I used to loathe my chameleon self (once I realized I was one.) Though I’m getting a better idea of the actual me, I’m also realizing that there are some present strengths to the chameleon-esque tendencies of my past. I can easily and authentically relate to people. It informs my listening and my writing. It gives me a relatable and familiar voice. (Or so I’ve been told.)

    I see so much of that in you too. You are an authentic and vulnerable voice that’s able to articulate what so many of us feel but maybe can’t quite say. Anyway, love this post and the one at (in)courage too.

  10. says

    It does sometimes take too much energy to be authentic, which only makes it that much easier to pull back, retreat, put that half-smile on my face and say simply “I’m fine”. The older I get the more I believe that NO ONE can or will ever truly know us better than we know ourselves, no matter how close we think our closest relationships are. That’s why it’s so important that we are, to some extent anyway, an island unto ourselves. And that’s not a bad thing. Look inward, not outward for our “authenticity”. Once again, Emily, thank you for a thought-provoking post. Blessings.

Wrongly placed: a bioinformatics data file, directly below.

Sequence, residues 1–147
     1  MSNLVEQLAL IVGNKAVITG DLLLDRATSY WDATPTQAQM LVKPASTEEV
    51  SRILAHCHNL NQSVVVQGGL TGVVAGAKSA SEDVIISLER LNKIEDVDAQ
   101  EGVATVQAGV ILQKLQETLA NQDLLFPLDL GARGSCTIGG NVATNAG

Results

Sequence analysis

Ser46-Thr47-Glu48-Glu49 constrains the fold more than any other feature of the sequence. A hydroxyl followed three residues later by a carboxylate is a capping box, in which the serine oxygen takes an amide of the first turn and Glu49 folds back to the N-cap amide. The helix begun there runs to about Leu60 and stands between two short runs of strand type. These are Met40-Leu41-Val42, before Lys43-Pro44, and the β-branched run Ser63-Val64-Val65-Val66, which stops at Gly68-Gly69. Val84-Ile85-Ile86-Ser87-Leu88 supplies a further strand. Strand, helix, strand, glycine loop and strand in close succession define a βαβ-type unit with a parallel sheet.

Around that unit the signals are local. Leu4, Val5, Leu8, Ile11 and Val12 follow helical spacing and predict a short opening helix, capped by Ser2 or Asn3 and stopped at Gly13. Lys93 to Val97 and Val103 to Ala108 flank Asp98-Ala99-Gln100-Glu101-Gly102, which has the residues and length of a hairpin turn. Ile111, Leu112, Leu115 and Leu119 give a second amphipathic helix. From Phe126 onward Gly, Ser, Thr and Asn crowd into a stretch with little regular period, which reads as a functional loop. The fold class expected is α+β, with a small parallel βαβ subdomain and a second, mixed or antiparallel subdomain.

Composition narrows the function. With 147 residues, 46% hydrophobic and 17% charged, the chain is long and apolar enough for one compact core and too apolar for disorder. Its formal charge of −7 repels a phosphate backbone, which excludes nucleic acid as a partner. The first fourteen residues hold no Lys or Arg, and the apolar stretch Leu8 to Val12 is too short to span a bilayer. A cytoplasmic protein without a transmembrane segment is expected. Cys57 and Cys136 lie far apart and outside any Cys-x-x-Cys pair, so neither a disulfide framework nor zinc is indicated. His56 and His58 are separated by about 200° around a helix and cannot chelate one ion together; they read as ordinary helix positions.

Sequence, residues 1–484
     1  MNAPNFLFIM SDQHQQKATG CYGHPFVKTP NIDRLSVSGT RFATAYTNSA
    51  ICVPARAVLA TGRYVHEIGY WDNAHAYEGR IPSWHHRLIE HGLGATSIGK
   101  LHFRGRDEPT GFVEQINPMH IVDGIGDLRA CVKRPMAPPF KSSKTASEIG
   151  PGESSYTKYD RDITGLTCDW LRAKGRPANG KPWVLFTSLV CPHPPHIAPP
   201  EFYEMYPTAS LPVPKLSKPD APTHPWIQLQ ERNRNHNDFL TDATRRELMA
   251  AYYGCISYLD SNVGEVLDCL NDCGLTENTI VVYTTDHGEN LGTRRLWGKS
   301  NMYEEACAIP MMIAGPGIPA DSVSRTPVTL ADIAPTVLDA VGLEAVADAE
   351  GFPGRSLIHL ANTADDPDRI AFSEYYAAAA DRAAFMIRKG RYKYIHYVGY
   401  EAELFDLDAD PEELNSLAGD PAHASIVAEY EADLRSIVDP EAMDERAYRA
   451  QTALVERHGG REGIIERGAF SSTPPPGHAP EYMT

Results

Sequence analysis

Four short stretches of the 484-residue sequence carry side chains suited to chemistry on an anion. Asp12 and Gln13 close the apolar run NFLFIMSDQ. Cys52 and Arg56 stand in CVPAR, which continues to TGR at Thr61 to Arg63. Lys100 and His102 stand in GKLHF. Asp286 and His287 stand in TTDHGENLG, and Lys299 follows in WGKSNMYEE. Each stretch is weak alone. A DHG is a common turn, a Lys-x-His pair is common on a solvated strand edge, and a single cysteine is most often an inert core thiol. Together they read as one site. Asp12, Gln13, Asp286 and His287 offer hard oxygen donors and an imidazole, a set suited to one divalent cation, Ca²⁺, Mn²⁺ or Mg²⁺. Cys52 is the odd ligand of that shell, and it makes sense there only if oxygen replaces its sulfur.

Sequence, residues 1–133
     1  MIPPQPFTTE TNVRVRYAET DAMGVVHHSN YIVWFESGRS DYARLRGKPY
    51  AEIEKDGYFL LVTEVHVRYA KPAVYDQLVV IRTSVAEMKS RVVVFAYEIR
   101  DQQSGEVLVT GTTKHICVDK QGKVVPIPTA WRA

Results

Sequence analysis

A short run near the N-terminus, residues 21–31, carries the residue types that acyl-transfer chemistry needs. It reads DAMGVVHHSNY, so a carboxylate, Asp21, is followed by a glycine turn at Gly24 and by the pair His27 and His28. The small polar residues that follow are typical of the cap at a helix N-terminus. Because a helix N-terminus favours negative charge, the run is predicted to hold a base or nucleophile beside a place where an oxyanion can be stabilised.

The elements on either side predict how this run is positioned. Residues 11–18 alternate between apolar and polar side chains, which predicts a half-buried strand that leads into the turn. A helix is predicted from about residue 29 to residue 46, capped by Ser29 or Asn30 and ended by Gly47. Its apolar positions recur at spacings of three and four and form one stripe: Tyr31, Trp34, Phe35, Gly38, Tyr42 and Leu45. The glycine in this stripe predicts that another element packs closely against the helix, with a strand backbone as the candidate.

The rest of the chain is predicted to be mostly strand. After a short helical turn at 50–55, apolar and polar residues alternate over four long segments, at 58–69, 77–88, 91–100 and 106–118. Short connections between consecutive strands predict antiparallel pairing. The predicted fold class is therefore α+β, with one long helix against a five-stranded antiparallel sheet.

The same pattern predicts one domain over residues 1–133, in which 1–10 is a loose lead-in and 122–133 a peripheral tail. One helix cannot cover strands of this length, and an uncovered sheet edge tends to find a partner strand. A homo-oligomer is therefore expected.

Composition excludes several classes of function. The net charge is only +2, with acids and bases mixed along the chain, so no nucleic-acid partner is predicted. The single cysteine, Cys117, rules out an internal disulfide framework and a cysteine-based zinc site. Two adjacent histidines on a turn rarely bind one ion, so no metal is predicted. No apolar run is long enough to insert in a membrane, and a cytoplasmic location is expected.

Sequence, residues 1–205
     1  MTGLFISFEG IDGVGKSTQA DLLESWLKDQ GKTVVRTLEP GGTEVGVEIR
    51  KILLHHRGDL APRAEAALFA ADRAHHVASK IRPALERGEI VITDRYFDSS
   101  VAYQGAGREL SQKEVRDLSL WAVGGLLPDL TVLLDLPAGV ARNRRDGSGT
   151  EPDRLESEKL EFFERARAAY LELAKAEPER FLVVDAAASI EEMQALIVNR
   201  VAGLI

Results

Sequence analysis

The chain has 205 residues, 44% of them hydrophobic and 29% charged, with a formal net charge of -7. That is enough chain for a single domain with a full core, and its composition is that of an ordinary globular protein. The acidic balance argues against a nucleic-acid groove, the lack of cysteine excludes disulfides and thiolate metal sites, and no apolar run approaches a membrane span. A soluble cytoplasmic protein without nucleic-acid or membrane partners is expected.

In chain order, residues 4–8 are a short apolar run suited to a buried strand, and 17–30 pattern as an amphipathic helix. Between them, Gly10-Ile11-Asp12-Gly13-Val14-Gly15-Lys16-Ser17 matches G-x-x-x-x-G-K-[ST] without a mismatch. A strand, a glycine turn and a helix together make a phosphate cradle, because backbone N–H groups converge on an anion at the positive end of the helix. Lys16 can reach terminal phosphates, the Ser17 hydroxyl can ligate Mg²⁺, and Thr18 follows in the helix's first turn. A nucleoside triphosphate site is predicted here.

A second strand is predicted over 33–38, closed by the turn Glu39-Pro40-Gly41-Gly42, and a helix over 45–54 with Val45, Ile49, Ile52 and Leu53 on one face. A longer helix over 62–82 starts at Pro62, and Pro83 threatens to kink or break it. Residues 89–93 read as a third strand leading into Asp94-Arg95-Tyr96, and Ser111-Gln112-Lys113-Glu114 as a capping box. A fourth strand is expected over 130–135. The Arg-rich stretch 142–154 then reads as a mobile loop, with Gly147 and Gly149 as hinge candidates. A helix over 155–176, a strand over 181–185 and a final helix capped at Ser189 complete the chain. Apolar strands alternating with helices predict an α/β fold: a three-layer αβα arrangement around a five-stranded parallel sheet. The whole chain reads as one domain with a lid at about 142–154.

11. says

    “Hiding behind fine isn’t always an indicator of fear or insecurity. Sometimes it just takes too much energy to be authentic. I want to turn my emotions off, put my hurt up on the shelf, set the glaze in my eyes and the half-smile on my face. Not necessarily because it feels safer, but because it’s just easier.” This resonated with me so well today. I am off to read more!

Leave a Reply

Your email address will not be published. Required fields are marked *